DURTY NELLY’S LULLABY

DURTY NELLY’S LULLABY

directed by JO CATTELL

Presented Sept 2009 @ College of Southern Nevada BackStage Theatre

REVIEW (LAS VEGAS REVIEW-JOURNAL)”

Grade: ADurtyNelly's
When you first enter McMullan’s Irish Pub, you’re immediately struck by the loud conversations and wonder how anyone could possibly do a production here. But once the doors are closed inside the pub’s performing space (Shenanigans), you’re transported into a different world — at least while “Durty Nelly’s Lullaby” is playing there.
The show’s creators seem to have appeared out of the blue. They call themselves the British National Theatre of America, and most of those involved have some kind of connection to Cirque du Soleil.
“Durty” is a physical theater piece, under an hour, that extends a simple dramatic set-up into an evening of interpretative dance, clowning and acrobatics.
Set in a Northern Irish pub in the late 1980s, director Jo Cattell’s seedling of a story is expounded upon by its two cast members, Cirque’s “Love” performer Joel Howard and local dancer Anastasia Weiss. The jilted young woman daydreams her way through her chores at the family-owned bar until her man returns, apparently ready to settle down after seeing the world. But as one might guess, things are not the same.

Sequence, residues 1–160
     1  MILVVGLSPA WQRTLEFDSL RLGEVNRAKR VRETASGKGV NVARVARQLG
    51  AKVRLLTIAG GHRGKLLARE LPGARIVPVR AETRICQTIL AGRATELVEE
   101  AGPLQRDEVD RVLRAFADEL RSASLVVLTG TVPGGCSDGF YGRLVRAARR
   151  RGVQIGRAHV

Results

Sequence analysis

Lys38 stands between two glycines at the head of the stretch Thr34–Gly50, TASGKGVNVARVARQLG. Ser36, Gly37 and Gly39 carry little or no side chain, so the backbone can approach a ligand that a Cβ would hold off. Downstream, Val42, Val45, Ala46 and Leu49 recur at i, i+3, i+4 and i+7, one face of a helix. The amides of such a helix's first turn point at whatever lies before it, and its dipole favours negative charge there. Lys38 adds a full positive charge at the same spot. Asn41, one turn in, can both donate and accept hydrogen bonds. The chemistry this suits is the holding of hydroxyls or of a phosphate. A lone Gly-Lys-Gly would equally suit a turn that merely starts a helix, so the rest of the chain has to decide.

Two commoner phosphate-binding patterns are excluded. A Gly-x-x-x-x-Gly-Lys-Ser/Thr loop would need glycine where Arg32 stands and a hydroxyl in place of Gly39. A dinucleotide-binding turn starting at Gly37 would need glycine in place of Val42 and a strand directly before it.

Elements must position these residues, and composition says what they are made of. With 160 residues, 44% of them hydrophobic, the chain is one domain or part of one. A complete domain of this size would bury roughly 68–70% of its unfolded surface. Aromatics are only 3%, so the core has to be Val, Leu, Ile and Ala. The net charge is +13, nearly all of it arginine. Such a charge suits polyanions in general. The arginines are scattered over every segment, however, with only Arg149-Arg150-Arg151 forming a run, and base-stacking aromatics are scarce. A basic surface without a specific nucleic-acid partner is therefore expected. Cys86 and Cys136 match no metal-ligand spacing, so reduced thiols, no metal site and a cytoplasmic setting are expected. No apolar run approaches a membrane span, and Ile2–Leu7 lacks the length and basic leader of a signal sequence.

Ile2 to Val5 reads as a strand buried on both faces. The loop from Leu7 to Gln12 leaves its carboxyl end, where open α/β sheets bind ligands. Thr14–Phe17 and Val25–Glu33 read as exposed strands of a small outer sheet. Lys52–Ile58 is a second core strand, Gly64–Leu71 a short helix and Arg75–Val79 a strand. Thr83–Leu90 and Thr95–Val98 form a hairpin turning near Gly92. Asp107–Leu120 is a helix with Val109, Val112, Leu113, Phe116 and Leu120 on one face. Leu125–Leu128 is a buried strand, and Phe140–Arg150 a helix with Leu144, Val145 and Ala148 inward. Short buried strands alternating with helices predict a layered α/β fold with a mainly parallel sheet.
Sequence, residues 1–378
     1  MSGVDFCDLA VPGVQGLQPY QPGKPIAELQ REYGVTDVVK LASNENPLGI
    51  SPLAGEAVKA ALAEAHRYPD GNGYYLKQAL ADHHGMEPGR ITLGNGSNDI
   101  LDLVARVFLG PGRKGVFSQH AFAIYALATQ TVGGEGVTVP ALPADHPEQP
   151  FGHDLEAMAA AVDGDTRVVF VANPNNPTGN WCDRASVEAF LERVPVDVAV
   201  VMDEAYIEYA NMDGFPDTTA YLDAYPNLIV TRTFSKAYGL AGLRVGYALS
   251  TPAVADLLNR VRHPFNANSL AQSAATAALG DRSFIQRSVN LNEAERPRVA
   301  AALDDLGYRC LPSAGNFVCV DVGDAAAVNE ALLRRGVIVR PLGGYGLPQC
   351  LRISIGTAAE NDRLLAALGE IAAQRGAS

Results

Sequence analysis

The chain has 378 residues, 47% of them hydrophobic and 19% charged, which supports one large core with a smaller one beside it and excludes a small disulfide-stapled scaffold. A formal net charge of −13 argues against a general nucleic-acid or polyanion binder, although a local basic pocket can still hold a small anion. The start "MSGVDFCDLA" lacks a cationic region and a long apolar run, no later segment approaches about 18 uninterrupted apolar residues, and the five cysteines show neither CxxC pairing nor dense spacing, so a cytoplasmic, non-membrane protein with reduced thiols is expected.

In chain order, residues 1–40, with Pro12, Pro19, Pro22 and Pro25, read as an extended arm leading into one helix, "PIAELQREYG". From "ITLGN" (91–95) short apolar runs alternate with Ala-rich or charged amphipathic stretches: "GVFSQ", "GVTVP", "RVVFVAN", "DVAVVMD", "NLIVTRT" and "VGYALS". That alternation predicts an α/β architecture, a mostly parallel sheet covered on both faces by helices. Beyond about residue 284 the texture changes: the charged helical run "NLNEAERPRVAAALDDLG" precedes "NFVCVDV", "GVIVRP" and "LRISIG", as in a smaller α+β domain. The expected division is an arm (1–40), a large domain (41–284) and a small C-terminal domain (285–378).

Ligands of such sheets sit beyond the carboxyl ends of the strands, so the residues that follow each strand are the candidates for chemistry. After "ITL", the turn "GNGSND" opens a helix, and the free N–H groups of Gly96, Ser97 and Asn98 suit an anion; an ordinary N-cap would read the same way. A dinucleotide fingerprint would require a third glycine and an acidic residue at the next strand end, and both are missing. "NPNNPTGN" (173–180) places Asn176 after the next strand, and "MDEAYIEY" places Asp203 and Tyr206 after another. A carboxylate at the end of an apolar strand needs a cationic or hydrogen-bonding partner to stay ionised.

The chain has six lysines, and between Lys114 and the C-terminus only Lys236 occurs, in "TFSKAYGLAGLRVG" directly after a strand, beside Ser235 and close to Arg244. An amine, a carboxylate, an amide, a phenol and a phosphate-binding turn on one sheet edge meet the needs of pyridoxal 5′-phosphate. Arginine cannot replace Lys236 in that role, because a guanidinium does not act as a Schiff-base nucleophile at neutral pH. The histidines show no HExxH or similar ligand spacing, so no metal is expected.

One naturally expects first-rate dancing in a program like this, but what’s surprising is the performers’ ability to crystallize the emotional details that movement cannot. Howard and Weiss come across as genuine actors. We can read their tiny shifts in mood.
The playing space is small — a bit of bare floor, with the raked audience seated proscenium style in just a few rows. The pub itself — the counters, the dispensers — serve as the minimum set, and you’re frequently amazed at how many different styles of movement can be born of simple saloon equipment. Also, what feel like the everyday lights of the working pub are skillfully put to the dramatic needs of the story. The physical atmosphere never feels second-rate or restricted.
The intimate setting offers an opportunity to see the two dancers up-close. It’s one thing to watch a series of backward flips on a distant stage. It’s quite another to watch them inches from your feet.Cattell heightens her story with a few surprising visual effects, including screen-enhanced storms and projections that the characters seem to become a part of. There’s also a priceless visual joke regarding a suitcase that makes for one of those muddling, mysterious moments that Cirque is famous for.
“Durty Nelly’s Lullaby” is a great gift for the new local theater season. It’s another reminder that exciting productions can be found in just about every nook and cranny of this crazy town. (ANTHONY DEL VALLE)